November 28, 2019

Saving the world’s rarest snake

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Once upon the edge of extinction, the Antiguan racer was considered the rarest snake in the world. Now, thanks to the work of the Offshore Islands Conservation Programme and its partners, including Durrell Wildlife Conservation Trust, populations of this species are on the rise.

Found only on the ‘twin-island’ country of Antigua and Barbuda, this rare snake’s numbers plummeted to 50 individuals in the 1930s, surviving only on one island. This decline followed the introduction of mongoose in the late 19th century as a means to control invasive black rats that were destroying local sugar cane crops. Instead, the mongoose predated upon unsuspecting native species such as the Antiguan racer.

Since 2010, Durrell Academy graduate Natalya Lawrence has been coordinating the work of the Offshore Islands Conservation Programme, an award-winning initiative that has been working to save the Antiguan racer since 1995. Conservationists have been training members of the local community to conduct monitoring surveys. Out of the country's 30 islands, 16 have been cleared of invasive species, and racers have been reintroduced to three islands – Rabbit, Green, and York, thus increasing the species population to approximately 1,100.

Since conservation work began, the snakes have drawn national attention and have even been featured on local television. In 2016, Natalya Lawrence and field biologist, Andrea Otto presented two Antiguan racers to the public, sharing the story of its recovery.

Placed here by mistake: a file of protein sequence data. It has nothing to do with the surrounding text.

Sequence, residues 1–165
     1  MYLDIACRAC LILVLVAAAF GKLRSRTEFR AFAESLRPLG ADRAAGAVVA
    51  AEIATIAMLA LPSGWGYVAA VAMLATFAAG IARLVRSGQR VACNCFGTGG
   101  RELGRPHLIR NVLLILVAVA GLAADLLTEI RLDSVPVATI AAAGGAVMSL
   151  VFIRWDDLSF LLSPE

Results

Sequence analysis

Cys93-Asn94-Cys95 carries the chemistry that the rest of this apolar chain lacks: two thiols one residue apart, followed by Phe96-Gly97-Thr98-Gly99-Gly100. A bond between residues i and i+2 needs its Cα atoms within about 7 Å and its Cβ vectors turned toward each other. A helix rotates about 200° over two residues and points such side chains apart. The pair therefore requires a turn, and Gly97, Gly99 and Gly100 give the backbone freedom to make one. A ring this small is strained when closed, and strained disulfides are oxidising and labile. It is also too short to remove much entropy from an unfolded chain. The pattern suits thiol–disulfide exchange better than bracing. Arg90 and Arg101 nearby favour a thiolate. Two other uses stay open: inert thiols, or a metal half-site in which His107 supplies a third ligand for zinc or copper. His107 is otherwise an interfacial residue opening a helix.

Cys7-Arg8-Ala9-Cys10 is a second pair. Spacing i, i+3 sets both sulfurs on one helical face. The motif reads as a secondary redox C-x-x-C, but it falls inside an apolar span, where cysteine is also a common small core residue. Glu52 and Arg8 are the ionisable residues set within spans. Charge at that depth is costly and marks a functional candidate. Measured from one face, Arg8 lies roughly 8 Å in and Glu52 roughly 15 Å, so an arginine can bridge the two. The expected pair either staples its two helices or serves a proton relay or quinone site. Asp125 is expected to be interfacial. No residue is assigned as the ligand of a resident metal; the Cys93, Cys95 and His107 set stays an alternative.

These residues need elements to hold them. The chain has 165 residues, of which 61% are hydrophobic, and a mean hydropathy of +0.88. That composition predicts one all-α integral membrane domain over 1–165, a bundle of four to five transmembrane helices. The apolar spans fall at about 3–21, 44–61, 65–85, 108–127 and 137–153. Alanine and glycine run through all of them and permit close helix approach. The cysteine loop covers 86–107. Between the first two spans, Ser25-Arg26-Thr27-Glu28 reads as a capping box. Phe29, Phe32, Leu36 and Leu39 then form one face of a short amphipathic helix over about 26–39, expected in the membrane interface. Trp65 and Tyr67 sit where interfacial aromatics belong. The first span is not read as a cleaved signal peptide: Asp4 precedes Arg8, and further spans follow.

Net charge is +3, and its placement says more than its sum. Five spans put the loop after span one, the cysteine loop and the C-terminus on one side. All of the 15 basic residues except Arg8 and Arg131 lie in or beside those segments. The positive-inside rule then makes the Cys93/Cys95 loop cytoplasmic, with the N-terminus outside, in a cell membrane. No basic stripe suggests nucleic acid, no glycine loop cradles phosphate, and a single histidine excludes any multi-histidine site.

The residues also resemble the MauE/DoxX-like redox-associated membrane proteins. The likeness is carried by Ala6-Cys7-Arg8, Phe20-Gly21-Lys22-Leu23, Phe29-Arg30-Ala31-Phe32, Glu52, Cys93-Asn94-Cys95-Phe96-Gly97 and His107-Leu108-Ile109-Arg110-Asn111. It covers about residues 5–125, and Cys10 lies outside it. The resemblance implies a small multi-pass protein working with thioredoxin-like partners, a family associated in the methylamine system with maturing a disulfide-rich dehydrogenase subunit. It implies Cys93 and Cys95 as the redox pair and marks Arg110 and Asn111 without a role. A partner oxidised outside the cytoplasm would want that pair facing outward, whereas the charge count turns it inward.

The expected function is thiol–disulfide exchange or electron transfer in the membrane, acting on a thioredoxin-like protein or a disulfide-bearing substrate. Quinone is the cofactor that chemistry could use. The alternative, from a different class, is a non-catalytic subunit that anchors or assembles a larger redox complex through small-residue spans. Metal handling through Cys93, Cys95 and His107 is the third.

The racer has also made it into the national education curriculum, becoming a real flagship species amongst the people of Antigua and Barbuda. In 2001, the Offshore Islands Conservation Programme launched the field trip programme, Floating Classrooms, in partnership with the Environmental Awareness Group of Antigua and Barbuda. The programme is designed to bring science to life for the local people.

Students and their teachers were taken on a boat tour and introduced to a national marine management area where they interacted with mangrove ecosystems and crucial coral reefs. They were guided through Great Bird Island searching for nesting seabirds and applying the conservation techniques they had learnt about in school.

Natalya Lawrence said, “The project has achieved astounding results. We have brought back the Antiguan racer from the brink of extinction, which has benefited a host of other wildlife, including lizards, sea turtles, birds, and rare plants.”

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